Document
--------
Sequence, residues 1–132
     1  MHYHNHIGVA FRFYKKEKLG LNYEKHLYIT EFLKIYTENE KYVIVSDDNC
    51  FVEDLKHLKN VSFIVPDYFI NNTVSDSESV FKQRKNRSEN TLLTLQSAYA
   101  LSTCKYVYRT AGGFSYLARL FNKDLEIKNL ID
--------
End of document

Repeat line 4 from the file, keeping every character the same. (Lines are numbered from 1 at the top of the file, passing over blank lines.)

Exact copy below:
   101  LSTCKYVYRT AGGFSYLARL FNKDLEIKNL ID